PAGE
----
Kurt Loder Movie Reviews

A Most Violent Year

Oscar Isaac and Jessica Chastain standing their ground in thug city.


A Most Violent Year

J.C. Chandor's A Most Violent Year so strongly recalls The Godfather that you wonder as you're watching it how the director will manage to fashion the movie into something entirely his own. But in a careful, small-scale way, he does. As in the Coppola mob classic, the characters are often cloaked in shadow, lit from above or behind, in the manner of the late Godfather cinematographer Gordon Willis. The picture has a quiet intimacy that consistently evokes the famous Corleone saga; and in the lead role, Oscar Isaac, as an urban idealist chasing the American dream in a world of depraved criminality, suggests the coiled intensity of Al Pacino's Michael Corleone without simply channeling it. (This is a true breakout performance, well beyond the one Isaac gave in last year's over­hyped Inside Llewyn Davis.)

The story is set in New York City in 1981—the bad old days of crime and corruption and general municipal sleaze. Abel Morales (Isaac) is the ambitious young owner of a home-­heating­-oil company whose success has drawn the resentment of his entrenched competitors. Somebody has been jacking Abel's fuel trucks; it's costing him a fortune, and he's sure his unscrupulous rivals are responsible. But Abel prides himself on being a man with a strong moral code, and he refuses to get down in the gutter to strike back against the men who are robbing him.

Abel's wife and partner, Anna (a tough­-talking Jessica Chastain) mocks her husband's principled stance. She has some hard­boiled business moves of her own, learned from her mobbed­ up father, and she's on the verge of applying them. "You're not gonna like what's gonna happen when I get involved," she warns Abel.

Chandor hooks the plot on Abel's determination to buy an old shipping terminal that will give him access to the waterfront, enabling direct fuel­-oil deliveries and providing vast storage capacity. He's already made a down payment on the property and is awaiting a bank loan to consummate the deal. But when an intrepid district attorney (David Oyelowo, excellent yet again) announces that he's about to indict Abel for shady business practices, the bank backs out on the loan, leaving Abel with just days to come up with $1.5­million from other, less­ savory sources.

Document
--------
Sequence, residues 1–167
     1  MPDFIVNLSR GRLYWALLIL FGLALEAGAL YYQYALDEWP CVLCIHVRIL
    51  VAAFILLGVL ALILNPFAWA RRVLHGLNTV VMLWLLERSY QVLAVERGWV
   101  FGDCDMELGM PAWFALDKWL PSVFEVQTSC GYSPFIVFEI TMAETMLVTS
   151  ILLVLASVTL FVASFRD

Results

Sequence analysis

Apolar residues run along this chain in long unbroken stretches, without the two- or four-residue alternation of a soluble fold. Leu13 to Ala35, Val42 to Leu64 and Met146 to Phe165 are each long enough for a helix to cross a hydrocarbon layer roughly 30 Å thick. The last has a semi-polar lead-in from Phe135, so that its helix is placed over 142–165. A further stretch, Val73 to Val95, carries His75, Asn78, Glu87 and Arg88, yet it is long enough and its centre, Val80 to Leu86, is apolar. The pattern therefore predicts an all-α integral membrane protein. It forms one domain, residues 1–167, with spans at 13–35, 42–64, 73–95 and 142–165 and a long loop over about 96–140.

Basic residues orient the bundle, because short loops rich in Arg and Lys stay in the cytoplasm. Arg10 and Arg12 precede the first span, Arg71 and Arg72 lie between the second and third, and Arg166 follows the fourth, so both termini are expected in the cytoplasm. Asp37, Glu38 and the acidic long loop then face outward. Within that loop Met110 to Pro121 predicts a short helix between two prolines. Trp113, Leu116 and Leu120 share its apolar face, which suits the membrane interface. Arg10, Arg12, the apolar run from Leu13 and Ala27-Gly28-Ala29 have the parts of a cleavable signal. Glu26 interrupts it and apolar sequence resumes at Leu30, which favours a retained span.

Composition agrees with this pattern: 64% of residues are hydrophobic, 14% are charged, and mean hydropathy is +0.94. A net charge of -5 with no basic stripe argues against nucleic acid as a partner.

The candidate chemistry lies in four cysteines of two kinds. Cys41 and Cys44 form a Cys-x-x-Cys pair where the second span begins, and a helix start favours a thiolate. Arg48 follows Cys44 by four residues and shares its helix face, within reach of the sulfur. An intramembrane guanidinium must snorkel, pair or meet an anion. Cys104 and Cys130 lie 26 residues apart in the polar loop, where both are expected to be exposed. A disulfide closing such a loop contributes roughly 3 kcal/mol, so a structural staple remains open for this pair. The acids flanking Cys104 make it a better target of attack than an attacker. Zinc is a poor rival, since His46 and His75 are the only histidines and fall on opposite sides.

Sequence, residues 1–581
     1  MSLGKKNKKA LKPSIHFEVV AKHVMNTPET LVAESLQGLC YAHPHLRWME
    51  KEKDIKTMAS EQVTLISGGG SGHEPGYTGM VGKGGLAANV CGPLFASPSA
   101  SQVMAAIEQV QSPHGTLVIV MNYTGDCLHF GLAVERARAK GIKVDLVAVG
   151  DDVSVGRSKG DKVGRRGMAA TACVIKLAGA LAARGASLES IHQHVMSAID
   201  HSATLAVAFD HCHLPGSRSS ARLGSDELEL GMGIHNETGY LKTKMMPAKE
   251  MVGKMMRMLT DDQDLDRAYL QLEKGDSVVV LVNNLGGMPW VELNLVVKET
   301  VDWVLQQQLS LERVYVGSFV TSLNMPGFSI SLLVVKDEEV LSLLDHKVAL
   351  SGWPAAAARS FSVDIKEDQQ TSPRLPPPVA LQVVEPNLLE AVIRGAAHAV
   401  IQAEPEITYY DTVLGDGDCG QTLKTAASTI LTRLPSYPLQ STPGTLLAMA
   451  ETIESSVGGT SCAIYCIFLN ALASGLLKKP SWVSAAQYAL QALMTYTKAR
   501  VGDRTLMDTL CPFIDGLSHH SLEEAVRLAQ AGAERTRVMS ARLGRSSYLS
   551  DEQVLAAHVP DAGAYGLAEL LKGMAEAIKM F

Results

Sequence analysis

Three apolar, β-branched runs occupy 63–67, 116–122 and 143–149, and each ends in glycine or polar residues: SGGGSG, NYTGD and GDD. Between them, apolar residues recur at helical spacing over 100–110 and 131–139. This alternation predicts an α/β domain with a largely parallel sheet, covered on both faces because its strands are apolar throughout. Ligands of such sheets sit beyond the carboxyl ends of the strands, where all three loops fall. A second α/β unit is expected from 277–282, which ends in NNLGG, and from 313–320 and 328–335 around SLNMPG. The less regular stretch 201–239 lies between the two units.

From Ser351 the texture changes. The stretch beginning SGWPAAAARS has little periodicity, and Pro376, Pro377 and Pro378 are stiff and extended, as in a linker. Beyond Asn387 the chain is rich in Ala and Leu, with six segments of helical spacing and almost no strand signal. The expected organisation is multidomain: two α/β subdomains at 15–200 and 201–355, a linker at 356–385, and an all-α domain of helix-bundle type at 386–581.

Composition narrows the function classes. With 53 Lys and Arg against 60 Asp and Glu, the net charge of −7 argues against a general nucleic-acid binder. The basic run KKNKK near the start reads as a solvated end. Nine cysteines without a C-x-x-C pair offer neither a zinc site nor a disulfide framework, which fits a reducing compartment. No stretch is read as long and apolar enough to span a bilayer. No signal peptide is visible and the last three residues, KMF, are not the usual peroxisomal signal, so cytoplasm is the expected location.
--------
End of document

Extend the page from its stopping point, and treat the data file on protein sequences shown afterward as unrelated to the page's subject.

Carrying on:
This is Chandor's third feature (after Margin Call and last year's All Is Lost) and his script is characteristically nimble, scattering shreds of character information without nudging emphasis. (We learn in passing that Abel started out as a fuel-­truck driver himself; and while he considers himself more honest than anyone else in his gritty business, we see that he and Anna do keep a second set of books squirreled away in their woodsy suburban home.) The director also delivers some perfectly shaped scenes, foremost among them an intense sotto voce instructional talk to young newbies on Abel's sales staff and a kiddie birthday party at his house that's rudely interrupted by a squad of cops bearing a search warrant.

There are also a bursts of action (two elaborately staged chase sequences) and solid supporting performances by Albert Brooks, as Abel's slumpy lawyer; Peter Gerety as a crusty Teamsters chief; Elyes Gabel as a desperate driver; and the always adroit Alessandro Nivola as the slickest and most deceptive of Abel's antagonists. But it's the easy chemistry between Isaac and Chastain, onetime Juilliard classmates, that colors the film most memorably. Isaac's Abel, in his tailored suits and suave camelhair topcoat, and Chastain's Anna, in her period Armani, are nouveaux riches with much to lose, and no intention of losing it. And at the end, we realize that their upward mobility has only just begun.